The EU-Mexico trade agreement, reached over the weekend, will result in zero duties on nearly all goods, including agricultural items - yet another reason the UK must remain in the customs union if it leaves the EU, Labour MEPs have said.
Under the agreement, Mexico will remove its high tariffs on many key EU food products such as pasta, chocolate, cheese, apples, pork and poultry, leading to an increase in EU exports of those products; meanwhile a UK parliamentary committee this week warned that without access to European markets, British exports of processed foods such as chocolate, cheese, beef and pork will suffer, while consumers will face higher prices and less choice on supermarket shelves.
The agreement also contains binding commitments to protect workers' rights, and protect environmental and climate standards, and is also the first EU trade agreement to tackle corruption, including measures to fight bribery and money laundering.
Jude Kirton-Darling MEP, member of the European Parliament international trade committee and Labour’s spokesperson on trade with Mexico, said:
“The EU-Mexico trade agreement follows the finalising last week of free trade agreements with Japan and Singapore, and shows that while UK ministers just talk and talk about trade, the EU walks the walk, signing new trade partnerships that will benefit EU consumers and businesses, highlighting once more how vital it is to remain in the customs union.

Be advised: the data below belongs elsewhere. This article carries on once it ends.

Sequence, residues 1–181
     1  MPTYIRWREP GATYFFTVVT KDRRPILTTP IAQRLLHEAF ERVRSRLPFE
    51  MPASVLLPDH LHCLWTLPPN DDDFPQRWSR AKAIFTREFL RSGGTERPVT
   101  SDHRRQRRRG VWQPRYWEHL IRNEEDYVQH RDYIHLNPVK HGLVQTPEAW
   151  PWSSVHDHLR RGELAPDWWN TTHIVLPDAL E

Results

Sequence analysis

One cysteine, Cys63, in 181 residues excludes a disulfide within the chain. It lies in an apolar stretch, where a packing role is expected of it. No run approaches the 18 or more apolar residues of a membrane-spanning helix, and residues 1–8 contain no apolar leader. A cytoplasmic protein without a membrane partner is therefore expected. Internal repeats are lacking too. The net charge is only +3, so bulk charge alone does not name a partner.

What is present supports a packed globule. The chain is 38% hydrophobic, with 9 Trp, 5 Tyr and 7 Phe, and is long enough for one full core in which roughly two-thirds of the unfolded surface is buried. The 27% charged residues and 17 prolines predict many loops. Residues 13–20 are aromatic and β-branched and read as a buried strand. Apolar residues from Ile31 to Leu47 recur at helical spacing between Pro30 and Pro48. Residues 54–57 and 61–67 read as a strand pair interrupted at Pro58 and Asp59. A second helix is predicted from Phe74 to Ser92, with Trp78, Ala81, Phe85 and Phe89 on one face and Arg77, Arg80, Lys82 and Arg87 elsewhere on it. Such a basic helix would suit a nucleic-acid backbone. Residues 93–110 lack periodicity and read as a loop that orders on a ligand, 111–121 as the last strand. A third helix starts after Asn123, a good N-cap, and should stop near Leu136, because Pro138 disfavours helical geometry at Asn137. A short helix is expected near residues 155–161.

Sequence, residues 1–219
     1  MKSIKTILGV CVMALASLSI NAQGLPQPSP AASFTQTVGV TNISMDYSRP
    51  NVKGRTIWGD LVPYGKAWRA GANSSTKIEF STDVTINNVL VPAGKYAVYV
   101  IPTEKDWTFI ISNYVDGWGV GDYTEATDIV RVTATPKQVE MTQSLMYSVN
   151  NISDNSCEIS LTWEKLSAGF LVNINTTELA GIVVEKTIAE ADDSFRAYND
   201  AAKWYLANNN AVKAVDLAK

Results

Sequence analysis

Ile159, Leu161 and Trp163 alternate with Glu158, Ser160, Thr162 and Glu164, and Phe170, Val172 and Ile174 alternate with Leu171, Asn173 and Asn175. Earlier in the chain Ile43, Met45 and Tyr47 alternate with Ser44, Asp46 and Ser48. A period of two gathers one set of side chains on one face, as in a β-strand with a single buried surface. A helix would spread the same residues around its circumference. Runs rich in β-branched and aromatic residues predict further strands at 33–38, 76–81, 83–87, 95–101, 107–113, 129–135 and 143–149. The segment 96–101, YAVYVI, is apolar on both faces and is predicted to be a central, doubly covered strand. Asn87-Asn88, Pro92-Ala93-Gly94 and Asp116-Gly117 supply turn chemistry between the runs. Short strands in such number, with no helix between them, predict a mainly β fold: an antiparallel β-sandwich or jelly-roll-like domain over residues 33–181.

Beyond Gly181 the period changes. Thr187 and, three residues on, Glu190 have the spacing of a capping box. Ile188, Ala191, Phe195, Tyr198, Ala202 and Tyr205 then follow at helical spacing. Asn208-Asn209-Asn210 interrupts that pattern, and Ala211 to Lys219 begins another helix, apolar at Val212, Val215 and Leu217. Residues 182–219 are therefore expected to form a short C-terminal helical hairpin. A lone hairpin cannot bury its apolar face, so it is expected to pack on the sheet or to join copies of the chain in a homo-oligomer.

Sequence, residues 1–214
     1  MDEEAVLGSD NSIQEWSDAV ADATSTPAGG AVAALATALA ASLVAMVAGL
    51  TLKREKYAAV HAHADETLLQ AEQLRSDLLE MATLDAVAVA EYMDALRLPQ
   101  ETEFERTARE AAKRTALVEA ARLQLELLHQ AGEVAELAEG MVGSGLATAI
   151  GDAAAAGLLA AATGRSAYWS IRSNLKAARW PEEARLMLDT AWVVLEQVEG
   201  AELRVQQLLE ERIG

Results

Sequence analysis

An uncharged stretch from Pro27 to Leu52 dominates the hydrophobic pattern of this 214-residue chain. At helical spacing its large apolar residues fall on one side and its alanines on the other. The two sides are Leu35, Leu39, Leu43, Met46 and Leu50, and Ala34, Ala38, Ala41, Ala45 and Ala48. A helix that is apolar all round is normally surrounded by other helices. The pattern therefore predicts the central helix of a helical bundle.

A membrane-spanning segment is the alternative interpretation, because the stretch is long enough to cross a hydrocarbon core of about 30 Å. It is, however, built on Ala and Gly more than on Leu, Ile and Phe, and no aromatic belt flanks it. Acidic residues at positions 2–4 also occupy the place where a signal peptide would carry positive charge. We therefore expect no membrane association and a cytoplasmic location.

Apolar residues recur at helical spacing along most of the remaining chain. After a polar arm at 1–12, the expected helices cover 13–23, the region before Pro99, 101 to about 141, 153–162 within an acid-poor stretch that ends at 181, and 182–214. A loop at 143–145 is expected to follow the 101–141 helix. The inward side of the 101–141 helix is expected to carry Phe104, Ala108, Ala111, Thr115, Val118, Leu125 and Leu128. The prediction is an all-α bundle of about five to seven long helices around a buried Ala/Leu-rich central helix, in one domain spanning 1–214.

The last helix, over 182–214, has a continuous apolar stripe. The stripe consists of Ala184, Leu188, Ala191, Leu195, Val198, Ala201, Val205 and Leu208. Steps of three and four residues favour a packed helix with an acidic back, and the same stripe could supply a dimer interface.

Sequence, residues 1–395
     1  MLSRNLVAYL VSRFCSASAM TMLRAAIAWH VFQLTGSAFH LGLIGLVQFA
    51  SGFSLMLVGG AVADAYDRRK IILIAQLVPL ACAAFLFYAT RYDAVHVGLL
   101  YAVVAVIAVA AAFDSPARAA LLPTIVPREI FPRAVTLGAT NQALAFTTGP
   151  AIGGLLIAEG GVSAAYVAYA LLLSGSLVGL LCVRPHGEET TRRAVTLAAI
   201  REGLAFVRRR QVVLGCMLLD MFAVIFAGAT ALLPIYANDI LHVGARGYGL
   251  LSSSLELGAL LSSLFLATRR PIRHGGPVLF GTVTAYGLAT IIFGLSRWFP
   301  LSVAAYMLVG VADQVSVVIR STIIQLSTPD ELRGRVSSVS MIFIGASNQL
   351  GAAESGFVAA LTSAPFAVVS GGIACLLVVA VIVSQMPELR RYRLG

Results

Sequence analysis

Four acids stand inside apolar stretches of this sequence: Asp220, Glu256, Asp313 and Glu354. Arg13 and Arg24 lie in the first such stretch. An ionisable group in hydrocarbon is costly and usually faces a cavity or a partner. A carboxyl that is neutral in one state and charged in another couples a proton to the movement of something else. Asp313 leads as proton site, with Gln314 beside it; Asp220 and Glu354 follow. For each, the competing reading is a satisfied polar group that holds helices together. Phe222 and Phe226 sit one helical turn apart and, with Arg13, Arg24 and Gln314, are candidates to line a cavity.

“Day by day the evidence piles up that leaving the customs union will be disastrous for UK consumers, business and the whole economy. The latest report from the business committee, highlighting the impact on the food sector of no deal, shows that from chocolate and cheese to pork, exporters will suffer, and the shelves will run dry - while if we remain in the customs union, not only will we maintain access to EU markets, but gain tariff-free access to new markets as well, from Japan and Singapore to Mexico.
“Another important element of the EU-Mexico trade agreement is the continued acknowledgment from the EU of workers’ rights and environmental standards in trade deals, something the Tories would be highly unlikely to maintain if negotiating deals on their own.”